In the '584 patent, an embodiment of the contracting implant includes two tissue attachment ends (for example ends 102b in FIGS. 46 and 47) which are maintained in a space-apart, stretched relation by a bio-resorbable member 102c which surrounds an internal spring or resilient member 102a. After implantation, tissue grows into the attachment ends 102b. The bioresorbable member 102c is selected to resorb after the tissue in-growth permitting the resilient member 102a to contract drawing ends 102b together as illustrated in FIG. 47 of the '584 patent (incorporated herein by reference). Tissue contraction is believed to be desirable in that the tissue contraction results in a debulking of the tissue and movement of tissue away from opposing tissue surfaces in the pharyngeal upper airway.
Another prior art technique for treating OSA or snoring is disclosed in U.S. Pat. No. 5,988,171 to Sohn et al. dated Nov. 23, 1999. In the '171 patent, a cord (e.g., a suture material) (element 32 in FIG. 6 of the '171 patent) is placed surrounding a base of the tongue and secured to the jaw by reason at an attachment member (element 20 in FIG. 6 of the '171 patent). In the method of the '171 patent, the member 32 can be shortened to draw the base of the tongue toward the jaw and thereby move the tissue of the base of the tongue away from the opposing tissue of the pharyngeal airway. However, this procedure is often uncomfortable. This procedure, referred to as tongue suspension, is also described in Miller et al., “Role of the tongue base suspension suture with The Repose System bone screw in the multilevel surgical management of obstructive sleep apnea”, Otolaryngol. Head Neck Surg., Vol. 126, pp. 392–398 (2002).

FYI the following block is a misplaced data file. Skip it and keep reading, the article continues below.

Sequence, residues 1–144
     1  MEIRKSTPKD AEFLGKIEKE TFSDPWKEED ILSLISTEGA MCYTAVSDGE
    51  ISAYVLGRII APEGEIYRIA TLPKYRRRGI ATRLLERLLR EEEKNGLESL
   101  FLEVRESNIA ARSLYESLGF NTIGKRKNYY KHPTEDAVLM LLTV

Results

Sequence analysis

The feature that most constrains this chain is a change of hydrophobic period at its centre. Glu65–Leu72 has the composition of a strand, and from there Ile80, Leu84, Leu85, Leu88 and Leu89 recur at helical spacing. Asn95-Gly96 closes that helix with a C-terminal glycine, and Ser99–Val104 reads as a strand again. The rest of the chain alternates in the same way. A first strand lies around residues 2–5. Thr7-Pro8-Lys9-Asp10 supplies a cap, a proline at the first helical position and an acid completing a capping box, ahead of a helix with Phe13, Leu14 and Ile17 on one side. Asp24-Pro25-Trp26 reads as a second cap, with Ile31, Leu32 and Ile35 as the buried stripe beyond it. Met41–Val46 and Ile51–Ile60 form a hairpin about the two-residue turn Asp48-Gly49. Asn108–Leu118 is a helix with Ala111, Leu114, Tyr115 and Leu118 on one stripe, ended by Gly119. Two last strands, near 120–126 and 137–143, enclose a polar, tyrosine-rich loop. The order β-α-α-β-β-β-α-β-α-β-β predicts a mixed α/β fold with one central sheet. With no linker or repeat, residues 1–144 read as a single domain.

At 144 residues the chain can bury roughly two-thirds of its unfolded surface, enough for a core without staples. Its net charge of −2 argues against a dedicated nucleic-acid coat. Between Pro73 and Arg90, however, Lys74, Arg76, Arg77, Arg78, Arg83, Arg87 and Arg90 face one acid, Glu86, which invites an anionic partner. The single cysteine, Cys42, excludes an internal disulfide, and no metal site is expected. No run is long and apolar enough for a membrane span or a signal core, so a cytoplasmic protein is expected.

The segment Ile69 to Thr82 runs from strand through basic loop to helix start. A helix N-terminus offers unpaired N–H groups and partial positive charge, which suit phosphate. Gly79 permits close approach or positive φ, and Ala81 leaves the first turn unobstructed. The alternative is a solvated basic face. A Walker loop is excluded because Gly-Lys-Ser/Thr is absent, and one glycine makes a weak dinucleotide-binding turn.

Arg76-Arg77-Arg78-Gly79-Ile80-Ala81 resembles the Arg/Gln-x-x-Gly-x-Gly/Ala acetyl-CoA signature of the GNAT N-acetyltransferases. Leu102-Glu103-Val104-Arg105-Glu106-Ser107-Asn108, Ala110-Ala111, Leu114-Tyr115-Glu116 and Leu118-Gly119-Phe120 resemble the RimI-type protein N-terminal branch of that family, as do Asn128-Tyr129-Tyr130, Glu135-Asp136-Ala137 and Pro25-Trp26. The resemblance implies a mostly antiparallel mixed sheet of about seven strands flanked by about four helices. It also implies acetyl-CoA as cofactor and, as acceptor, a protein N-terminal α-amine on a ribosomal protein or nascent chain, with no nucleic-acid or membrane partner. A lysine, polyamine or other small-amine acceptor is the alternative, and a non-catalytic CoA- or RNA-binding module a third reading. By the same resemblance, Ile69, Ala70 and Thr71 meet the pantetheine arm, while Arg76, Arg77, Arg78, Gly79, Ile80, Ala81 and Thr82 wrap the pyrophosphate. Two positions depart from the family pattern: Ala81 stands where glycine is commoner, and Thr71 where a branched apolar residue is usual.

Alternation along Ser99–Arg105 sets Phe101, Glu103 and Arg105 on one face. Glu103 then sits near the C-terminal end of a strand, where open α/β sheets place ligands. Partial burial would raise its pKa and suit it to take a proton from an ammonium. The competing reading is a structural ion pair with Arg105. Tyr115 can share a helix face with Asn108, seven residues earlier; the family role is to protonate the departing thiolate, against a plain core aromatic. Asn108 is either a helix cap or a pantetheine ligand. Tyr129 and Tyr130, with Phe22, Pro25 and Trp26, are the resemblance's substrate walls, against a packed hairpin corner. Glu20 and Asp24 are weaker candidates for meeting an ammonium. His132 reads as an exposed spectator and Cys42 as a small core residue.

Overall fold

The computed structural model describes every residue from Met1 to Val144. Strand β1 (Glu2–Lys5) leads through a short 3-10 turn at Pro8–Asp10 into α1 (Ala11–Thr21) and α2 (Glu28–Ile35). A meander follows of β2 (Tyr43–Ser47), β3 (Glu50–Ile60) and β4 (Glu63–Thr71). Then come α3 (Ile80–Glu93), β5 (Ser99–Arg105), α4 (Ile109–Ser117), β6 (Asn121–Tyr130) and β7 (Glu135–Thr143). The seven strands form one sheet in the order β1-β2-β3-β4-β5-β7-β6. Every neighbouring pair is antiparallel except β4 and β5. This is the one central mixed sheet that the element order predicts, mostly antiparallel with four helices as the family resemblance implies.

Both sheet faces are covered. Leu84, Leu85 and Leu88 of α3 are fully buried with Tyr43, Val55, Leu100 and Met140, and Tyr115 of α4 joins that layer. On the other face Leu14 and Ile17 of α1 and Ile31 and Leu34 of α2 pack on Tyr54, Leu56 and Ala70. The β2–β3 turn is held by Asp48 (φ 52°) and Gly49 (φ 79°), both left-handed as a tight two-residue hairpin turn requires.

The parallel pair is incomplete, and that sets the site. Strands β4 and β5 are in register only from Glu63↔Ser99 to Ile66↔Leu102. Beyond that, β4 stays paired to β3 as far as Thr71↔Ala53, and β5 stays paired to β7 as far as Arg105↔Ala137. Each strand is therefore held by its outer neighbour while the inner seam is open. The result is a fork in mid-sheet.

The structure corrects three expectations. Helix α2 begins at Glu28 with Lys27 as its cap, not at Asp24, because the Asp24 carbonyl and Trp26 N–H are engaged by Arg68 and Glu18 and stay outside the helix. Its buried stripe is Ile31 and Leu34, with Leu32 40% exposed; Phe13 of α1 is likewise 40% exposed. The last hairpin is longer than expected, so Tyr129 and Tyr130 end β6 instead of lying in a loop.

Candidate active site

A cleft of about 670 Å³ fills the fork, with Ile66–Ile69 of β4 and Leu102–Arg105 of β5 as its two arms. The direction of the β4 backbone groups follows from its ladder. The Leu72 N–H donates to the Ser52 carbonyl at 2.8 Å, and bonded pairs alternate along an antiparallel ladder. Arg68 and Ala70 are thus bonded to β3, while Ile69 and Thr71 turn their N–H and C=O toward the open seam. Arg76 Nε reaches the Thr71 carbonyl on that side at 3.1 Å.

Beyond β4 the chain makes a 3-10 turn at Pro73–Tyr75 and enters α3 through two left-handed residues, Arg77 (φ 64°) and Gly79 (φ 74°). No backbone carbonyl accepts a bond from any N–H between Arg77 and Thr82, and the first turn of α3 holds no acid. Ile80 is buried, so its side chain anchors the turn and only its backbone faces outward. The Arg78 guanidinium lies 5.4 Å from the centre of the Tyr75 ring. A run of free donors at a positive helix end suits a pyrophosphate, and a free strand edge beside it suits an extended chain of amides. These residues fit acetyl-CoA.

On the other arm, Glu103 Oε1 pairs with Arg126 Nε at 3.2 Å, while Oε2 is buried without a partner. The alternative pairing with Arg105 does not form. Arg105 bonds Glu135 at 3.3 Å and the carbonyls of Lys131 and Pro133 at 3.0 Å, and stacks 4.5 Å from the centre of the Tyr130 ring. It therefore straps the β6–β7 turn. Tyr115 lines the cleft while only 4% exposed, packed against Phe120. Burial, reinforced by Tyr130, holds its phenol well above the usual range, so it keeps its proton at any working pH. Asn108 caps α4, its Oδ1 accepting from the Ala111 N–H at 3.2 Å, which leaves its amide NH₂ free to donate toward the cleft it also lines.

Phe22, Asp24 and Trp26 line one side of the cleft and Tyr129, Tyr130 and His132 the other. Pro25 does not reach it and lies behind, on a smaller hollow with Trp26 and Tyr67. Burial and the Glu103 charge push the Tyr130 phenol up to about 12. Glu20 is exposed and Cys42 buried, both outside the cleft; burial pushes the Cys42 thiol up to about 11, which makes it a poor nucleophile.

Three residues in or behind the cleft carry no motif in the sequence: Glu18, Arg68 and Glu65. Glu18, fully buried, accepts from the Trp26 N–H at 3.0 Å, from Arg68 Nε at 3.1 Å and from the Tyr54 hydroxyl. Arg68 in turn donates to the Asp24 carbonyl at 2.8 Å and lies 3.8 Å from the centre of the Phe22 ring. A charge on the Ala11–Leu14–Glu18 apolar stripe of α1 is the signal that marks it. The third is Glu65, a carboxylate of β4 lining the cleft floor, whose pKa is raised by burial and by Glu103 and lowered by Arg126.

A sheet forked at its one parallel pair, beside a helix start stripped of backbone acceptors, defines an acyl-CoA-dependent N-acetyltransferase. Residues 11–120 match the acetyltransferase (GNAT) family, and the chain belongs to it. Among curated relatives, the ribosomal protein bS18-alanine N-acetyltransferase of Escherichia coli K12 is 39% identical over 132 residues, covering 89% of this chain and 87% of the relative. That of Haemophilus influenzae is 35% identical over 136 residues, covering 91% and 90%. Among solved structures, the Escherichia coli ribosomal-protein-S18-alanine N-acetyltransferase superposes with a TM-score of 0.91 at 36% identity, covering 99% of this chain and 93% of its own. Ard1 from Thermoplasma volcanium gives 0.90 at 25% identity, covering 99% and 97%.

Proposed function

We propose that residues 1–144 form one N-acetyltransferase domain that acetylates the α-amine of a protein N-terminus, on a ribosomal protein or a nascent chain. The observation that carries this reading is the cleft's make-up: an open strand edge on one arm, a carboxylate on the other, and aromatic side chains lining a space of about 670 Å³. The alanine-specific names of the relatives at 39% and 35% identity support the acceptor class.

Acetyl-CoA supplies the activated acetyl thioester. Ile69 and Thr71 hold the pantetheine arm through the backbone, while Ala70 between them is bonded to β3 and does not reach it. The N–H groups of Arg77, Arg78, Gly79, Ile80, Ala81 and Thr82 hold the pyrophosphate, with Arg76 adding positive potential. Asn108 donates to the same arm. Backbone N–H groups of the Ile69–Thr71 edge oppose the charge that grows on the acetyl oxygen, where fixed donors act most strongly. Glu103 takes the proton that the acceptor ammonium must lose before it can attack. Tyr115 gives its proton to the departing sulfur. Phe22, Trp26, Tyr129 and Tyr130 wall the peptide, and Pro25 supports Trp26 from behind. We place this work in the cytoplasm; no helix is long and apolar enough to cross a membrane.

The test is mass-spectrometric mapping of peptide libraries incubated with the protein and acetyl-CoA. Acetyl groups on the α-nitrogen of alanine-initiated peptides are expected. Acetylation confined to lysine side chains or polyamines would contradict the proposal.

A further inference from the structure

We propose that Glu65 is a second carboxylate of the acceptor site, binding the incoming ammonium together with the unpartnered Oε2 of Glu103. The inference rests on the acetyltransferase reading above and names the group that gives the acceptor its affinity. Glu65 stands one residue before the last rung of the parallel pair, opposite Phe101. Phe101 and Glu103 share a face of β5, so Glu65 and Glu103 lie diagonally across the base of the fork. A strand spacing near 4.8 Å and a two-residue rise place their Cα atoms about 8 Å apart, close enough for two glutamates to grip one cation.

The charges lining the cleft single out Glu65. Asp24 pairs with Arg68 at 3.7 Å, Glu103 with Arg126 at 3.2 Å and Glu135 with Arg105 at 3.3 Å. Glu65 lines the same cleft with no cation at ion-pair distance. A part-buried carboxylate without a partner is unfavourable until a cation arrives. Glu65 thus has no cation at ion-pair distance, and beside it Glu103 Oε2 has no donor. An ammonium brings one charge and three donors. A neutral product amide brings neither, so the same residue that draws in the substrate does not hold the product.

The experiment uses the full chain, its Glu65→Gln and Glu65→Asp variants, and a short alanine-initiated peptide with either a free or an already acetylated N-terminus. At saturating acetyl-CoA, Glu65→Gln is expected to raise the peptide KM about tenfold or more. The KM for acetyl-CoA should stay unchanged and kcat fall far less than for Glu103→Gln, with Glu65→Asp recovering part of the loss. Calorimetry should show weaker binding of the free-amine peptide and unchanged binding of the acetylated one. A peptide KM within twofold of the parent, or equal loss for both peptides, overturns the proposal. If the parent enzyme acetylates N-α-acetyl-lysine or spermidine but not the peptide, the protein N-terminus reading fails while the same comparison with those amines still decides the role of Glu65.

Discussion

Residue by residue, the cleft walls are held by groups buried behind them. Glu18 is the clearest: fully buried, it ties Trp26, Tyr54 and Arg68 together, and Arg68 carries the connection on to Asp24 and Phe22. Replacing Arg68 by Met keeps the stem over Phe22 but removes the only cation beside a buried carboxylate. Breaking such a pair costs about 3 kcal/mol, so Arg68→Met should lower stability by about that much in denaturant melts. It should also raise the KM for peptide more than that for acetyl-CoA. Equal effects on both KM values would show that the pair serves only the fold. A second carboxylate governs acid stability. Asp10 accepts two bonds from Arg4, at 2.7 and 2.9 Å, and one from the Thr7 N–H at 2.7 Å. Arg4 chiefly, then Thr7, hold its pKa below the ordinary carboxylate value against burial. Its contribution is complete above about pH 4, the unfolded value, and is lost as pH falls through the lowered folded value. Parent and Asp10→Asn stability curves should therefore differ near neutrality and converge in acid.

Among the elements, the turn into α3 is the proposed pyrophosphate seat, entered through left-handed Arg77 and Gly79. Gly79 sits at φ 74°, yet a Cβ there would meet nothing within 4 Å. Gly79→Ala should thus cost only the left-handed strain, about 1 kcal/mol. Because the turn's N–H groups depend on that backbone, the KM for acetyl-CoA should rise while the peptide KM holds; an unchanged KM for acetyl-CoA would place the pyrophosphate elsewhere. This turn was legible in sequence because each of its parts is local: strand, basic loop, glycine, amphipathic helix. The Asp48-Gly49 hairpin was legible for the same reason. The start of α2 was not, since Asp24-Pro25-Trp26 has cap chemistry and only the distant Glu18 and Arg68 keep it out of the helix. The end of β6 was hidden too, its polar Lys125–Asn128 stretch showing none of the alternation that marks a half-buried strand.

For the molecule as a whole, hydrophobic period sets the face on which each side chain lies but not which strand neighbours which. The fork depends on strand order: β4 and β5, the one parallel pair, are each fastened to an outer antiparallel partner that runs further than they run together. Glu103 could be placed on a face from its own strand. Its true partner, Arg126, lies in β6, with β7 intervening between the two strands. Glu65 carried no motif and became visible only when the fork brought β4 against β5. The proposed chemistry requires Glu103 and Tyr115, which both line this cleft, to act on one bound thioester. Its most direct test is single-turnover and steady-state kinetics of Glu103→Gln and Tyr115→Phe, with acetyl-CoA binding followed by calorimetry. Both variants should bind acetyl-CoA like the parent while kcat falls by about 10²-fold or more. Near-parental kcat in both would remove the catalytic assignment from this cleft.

Two tongue-based surgeries are compared in Thomas et al., “Preliminary Finding from a Prospective, Randomized Trial of Two Tongue-Based Surgeries for Sleep Disordered Breathing”, Otolaryngology-Head and Neck Surg., Vol. 129, No. 5, pp. 539–546 (2003). This article compares tongue suspension (as described above) to tongue advancement (mandibular osteotomy).